We got him a super cushy bed and spoiled him with toys and chewies (that was also a fun experience...let me rephrase: chewy toys that weren't ingested). Crates aren't exactly decorative items, nor are they a size that you can put in a space without having to rearrange. Gus wasn't a big puppy, but he wasn't exactly a small dog either and so we just got a big crate because we knew it was pointless and expensive to gradually get new crates. Ironically his crate became a place we'd find him when he had had enough of the noisy kids or was tired. I always laughed when I would realize I hadn't seen the dog in awhile and I'd find him snuggled up on his favorite toy on his bed in his crate. My parents never did this, so kennel training a dog was a very different idea and one that I wasn't sure about until it became very convenient when company came or when we had to leave to go grocery shopping.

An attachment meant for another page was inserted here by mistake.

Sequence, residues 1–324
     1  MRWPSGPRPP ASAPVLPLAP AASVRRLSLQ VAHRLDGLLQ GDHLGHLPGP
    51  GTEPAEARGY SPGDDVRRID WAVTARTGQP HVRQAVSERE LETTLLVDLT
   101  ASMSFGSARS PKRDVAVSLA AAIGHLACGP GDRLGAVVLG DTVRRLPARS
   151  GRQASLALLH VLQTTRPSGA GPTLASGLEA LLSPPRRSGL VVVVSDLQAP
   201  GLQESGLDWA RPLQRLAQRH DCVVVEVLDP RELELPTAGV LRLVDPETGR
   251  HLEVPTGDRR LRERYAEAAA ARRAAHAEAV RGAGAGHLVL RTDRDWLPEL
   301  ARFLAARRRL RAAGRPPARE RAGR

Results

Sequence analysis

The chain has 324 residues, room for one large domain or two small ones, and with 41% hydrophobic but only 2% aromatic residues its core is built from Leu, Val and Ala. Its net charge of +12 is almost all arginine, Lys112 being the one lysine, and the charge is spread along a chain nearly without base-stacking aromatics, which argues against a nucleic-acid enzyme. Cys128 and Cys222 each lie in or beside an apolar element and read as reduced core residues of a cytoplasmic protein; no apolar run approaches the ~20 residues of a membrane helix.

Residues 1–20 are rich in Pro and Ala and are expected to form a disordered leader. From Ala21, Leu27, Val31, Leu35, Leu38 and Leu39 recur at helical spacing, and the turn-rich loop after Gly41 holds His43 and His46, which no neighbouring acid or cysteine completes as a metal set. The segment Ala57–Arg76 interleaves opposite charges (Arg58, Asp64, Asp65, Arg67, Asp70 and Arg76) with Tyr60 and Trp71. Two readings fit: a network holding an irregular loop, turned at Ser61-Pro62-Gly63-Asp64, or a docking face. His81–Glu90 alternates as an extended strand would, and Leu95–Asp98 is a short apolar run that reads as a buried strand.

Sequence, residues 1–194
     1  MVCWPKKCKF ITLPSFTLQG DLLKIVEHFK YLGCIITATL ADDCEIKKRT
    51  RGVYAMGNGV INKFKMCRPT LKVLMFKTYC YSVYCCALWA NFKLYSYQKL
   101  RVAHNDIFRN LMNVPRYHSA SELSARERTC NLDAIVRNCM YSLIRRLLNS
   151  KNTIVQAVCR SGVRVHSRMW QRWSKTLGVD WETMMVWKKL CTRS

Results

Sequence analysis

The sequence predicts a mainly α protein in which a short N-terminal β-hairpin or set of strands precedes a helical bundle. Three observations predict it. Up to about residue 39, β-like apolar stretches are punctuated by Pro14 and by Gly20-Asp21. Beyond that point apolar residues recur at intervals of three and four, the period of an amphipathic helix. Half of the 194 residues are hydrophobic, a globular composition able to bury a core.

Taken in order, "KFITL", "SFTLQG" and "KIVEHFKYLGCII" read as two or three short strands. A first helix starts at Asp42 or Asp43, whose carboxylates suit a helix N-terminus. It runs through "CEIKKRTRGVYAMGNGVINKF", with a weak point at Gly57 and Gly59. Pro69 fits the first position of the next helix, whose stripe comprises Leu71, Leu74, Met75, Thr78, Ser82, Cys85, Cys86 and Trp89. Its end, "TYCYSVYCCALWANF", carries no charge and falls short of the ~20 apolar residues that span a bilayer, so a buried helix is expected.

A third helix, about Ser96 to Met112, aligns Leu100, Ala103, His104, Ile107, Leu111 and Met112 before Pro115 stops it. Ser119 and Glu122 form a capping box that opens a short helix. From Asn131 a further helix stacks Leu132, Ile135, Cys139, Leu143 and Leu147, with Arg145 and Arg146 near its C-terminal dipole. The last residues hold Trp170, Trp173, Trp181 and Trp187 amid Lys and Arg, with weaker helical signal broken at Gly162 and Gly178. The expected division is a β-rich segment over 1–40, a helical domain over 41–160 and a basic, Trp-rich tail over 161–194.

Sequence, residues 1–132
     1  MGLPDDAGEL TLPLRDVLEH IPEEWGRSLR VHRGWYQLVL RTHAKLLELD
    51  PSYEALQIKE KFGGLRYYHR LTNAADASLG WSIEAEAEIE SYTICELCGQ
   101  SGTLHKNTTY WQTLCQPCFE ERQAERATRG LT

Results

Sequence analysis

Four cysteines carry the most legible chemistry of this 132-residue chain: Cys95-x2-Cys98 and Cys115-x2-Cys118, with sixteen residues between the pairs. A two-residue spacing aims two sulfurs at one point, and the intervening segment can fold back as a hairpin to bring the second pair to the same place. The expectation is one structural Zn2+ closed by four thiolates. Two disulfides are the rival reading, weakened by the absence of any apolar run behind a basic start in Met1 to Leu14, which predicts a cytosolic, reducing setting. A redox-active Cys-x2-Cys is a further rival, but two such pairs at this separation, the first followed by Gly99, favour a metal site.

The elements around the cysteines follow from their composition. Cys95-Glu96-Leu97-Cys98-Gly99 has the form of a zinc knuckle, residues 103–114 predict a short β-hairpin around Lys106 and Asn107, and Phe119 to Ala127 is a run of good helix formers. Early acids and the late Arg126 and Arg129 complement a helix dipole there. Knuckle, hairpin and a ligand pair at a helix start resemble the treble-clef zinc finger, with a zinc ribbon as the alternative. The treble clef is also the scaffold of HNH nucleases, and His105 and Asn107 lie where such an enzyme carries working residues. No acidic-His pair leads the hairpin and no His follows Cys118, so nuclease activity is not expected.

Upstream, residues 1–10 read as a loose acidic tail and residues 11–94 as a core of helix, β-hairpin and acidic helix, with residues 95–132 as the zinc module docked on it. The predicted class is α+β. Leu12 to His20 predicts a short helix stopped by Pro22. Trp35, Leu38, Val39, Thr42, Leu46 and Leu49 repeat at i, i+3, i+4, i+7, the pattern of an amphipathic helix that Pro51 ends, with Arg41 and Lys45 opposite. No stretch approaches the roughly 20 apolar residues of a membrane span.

Boxers are extremely hyper and prone to severe anxiety. Gus had both issues. He would get so worked up that he would throw up occasionally. We would sit and laugh at him in the back yard because he would get so excited that he'd run all the way around the yard and zigzag and just be crazy for several minutes. We'd call it 'the speeds.' The louder we laughed, the faster he'd go. He was also a HUGE chicken. I'm so not kidding. When I had Natty he was still pretty young and was kinda weird anyway so it wasn't until we had Isannah and brought home all the balloons that we realized why he was such a freak! HE WAS TERRIFIED OF BALLOONS! It was hilarious because the first week we had Isannah home he would NOT go into their room? Finally we took the balloons out and sucked the remaining helium out and noticed Gus slink around the door and check everything out. It was so much fun to startle him because he'd jump and race around the corner like someone was coming after him with a knife. In true Boxer form he LOVED to 'box' with us. I'd try to 'step' on his feet and eventually it'd end up with him playing like he was going to bite my foot off. He LOVED to play.